Due to an ongoing health crisis in the family, blogging will be 'on and off' as time and circumstances permit for the foreseeable future. I also beg your indulgence if I am slow in responding to emails. New posts will appear below this notice.

Wednesday, October 10, 2012

Conspiracy Mania

When Republicans began questioning President Obama’s birth certificate four years ago, it seemed at first like a petulant reaction to a lost election, a flush of nativist and racist anger that would diminish over time. But the preposterous charges never went away. As this election cycle shows, many in the Republican Party continue to see the president as the center of a broad and malevolent liberal conspiracy to upend the truth.

To live and seethe in that world of conspiracy theories means rejecting any form of objective reality. When unemployment numbers make the administration look good, they are obviously “cooked.” When poll numbers put Mr. Obama ahead, they are skewed. Birth certificates are forgeries. Safety-net programs are giveaways to supporters. Health insurance reform is socialism. And campaign donation disclosure is antibusiness.

It’s an upside-down version of life, and it is not innocuous. When desperation leads political critics of the president to discredit important nonpolitical institutions — including the Census Bureau, the Bureau of Labor Statistics, the Federal Reserve and the Congressional Budget Office — the damage can be long-lasting. If voters come to mistrust the most basic functions of government, the resulting cynicism can destroy the basic compact of citizenship.
Read the rest here.

It is rare in the extreme for me to be able to say that I substantively agree with an op-ed piece in the NY Times. But while I have major issues with some of the entities they name in here, like the Federal Reserve, their main point is a fair one. The political right is drifting into an alternate reality of dark conspiracy theories that appears largely motivated by a visceral hatred for President Obama. Throughout the course of history there have always been a certain amount of kooks and nut jobs that populate the political fringe. But when the nuts take over one of the two major political parties we have a serious problem.

In 1960 the John Birch Society accused President Eisenhower of being a conscious agent of The International Communist Conspiracy. This obviously lunatic pronouncement was immediately and vociferously denounced by almost every respectable member of the conservative movement lead by the late William F. Buckley at his National Review magazine. The result was that the extremist element on the right was isolated and began a rapid decline into political irrelevance. That isolation and irrelevance lasted until the election of Bill Clinton when it began to slowly regain strength and a certain amount of respectability in conservative circles. Today right-wing extremism has gained a level of power in American politics not seen since the heyday of the Ku Klux Klan in the 1920's. Republican members of Congress and US Senators are afraid to call out the Birther nuts for fear of political retribution. Some are openly sympathetic with to this extremist insanity.

I don't know how far this is going to go, but I am increasingly alarmed by a movement that made it possible for a Republican candidate for president to ask aloud during a campaign speech, to wild cheers, whether or not the time had come for a second amendment solution to Barack Obama's presidency. When that sort of thing is happening we have reached a dangerous point in our political society. My question is where are the voices of reason in today's GOP?

8 comments:

Phil said...

Where are the voices of reason in the GOP?

How about Mitt Romney, Paul Ryan, Tom Coburn, Bobby Jindal, Chris Christie, Rob Portman, Marsha Blackburn, Mia Love, Rick Scott, Mitch Daniels, Susana Martinez, Mary Fallin, Bob McDonnell, Jeff Sessions, Jon Kyl, Marco Rubio - just off the top of my head?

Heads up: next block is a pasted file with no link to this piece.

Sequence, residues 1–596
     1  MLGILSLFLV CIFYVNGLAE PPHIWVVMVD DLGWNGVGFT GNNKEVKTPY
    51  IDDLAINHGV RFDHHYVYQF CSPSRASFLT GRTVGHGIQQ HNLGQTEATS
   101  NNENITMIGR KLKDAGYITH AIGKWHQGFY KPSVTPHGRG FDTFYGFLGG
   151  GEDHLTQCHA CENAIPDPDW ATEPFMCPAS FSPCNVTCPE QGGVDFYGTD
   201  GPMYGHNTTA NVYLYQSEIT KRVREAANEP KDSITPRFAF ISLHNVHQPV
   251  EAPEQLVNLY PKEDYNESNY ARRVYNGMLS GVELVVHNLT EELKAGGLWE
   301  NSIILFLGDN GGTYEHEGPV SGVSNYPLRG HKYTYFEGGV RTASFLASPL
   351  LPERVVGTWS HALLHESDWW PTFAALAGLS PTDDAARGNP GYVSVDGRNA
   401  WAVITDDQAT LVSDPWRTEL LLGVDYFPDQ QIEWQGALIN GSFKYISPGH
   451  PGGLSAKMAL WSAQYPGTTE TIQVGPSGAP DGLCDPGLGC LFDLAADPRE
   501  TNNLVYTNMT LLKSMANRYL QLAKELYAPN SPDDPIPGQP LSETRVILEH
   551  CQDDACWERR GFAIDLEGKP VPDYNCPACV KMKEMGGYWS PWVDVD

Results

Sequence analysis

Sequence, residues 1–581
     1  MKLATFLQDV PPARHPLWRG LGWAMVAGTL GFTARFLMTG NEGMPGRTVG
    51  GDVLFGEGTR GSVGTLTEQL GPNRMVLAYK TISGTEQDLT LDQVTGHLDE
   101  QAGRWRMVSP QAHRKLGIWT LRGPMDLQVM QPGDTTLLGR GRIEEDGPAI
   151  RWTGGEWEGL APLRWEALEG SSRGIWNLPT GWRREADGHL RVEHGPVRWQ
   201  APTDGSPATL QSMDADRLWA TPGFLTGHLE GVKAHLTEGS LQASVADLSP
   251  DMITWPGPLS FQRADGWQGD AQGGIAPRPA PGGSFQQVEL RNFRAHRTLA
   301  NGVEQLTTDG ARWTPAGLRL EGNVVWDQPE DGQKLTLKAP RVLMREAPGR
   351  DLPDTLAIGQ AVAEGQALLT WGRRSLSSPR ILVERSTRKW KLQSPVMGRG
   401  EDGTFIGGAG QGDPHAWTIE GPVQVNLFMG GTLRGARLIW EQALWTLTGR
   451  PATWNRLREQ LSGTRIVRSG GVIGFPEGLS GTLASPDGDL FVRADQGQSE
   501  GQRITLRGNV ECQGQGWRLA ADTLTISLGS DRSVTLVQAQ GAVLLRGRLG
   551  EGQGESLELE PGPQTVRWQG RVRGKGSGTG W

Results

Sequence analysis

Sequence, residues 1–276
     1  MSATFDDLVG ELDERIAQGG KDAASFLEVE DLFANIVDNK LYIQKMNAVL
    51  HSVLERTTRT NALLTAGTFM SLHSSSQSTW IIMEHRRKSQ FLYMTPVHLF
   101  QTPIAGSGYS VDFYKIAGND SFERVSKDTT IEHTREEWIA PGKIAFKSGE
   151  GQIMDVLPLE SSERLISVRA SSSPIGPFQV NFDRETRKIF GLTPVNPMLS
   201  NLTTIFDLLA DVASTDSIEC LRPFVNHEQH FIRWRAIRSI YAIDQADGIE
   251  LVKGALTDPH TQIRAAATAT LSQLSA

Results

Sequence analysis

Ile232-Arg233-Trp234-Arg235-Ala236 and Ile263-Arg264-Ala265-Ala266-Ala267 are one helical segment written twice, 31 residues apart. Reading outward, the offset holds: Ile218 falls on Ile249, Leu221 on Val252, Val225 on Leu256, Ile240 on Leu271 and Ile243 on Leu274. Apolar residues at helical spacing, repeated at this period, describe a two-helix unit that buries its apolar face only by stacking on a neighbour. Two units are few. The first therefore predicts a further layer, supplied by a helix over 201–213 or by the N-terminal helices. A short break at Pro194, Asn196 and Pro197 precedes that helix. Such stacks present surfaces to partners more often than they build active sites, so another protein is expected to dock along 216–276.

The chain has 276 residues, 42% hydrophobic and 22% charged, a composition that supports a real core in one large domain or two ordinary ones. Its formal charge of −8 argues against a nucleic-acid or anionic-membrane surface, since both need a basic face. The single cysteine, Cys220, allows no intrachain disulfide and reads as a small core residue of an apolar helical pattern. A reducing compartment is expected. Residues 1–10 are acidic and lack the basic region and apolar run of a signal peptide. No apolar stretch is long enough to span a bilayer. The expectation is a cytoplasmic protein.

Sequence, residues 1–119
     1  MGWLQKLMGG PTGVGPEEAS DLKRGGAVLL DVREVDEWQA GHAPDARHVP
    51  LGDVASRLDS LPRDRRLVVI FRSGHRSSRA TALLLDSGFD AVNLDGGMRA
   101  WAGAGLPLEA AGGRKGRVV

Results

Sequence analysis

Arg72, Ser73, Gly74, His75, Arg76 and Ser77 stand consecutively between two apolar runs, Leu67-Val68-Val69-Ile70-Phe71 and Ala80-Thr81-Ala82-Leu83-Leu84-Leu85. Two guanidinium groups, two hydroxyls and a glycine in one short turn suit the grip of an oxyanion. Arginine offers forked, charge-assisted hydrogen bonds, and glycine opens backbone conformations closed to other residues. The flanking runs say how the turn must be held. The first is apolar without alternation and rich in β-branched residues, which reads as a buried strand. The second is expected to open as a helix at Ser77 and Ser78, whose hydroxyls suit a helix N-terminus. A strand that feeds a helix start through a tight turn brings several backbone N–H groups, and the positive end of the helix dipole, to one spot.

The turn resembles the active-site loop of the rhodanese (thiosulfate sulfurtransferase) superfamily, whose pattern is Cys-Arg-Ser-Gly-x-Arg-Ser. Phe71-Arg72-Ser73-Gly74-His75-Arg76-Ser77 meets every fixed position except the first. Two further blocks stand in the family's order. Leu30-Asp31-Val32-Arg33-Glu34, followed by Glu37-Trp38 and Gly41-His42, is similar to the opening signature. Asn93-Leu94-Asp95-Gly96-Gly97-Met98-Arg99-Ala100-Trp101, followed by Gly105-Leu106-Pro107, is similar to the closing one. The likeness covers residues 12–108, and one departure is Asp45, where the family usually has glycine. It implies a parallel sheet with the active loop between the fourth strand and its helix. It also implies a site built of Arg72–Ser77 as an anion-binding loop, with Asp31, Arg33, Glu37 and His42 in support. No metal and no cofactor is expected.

Maybe the better question is, where are your posts lamenting that fantasies about assassinating George Bush, or moron conspiracy theories about 9/11 being an inside job, or even the garden-variety refusal to chalk up the mistakes of the Iraq War to incomplete information, wrong conclusions, and simple incompetence instead of evil designs by the Bush Administration against the American people show the Democrat party has been taken over by extremists? (Don't get me wrong; it's your blog, and you can post whatever you like. My question is rhetorical.)

After all, for every Todd Akin, there's a Nancy Pelosi, Harry Reid, Dick Durbin, Tom Harkin, and Claire McCaskill. And for every Sharron Angle (she lost her election, by the way, and she wasn't running for President), there's a Barbara Lee, Anthony Weiner, Jim Moran, and Jim McDermott.

But I guess they don't count. Better for "independents" to lean all over the GOP; after all, we wouldn't want any Republicans in power, anywhere, seeing that a few people not even in politics wondered how we had almost a million jobs created in the household survey last month, something that hasn't happened in 30 years, when the economy is growing at 1.3%. Why would anybody listen to such a thing? Don't they know somebody who successfully ran one of the largest corporations in the world for 20 years is a stupid nutcase?

Better to elect Democrats, who won't even let you buy a 20-ounce soft drink, or buy a light bulb or toilet you want, or who will put you in jail for filling in the standing water on your property. Definitely, if I were a so-called libertarian, that choice would be obvious.

Unknown said...

Where is your voice of outrage against the lunatic Democratic fringe that still believes and promotes the view that 9/11 was an inside job?

Michael said...

In my view, the real tragedy of all of this, is that legitimate questions about how American institutions have been subverted, are de-legitimized on account of the noise generated by the people cited in the article.

A good example of what I am speaking of is the stagnation which now surrounds historical analysis of the events of World War II. Up until the late 1970's, there were a number of responsible historians and biographers, like John Toland, who were writing significant "revisionist history" concerning World War II. I still think Toland's massive biography of Hitler remains the best English language effort in that field to date.

Unfortunately, in the 1970's, Hitler apologists such as David Irving started muddying up the waters. The result was "hate speech" legislation enacted throughout Europe, and the closing of World War II archives to the general public. Now, little new research can be done in this area, because primary source materials have been sealed off.

The same thing is now happening in the U.S. There are plenty of responsible people, such as Paul Craig Roberts, Ray McGovern and Catherine Austin Fitts, all of whom served in high Federal office at one time or another, who point out that the "official story" on just about everything under the sun, does not square with known evidence, or (in some cases) with the known laws of physics.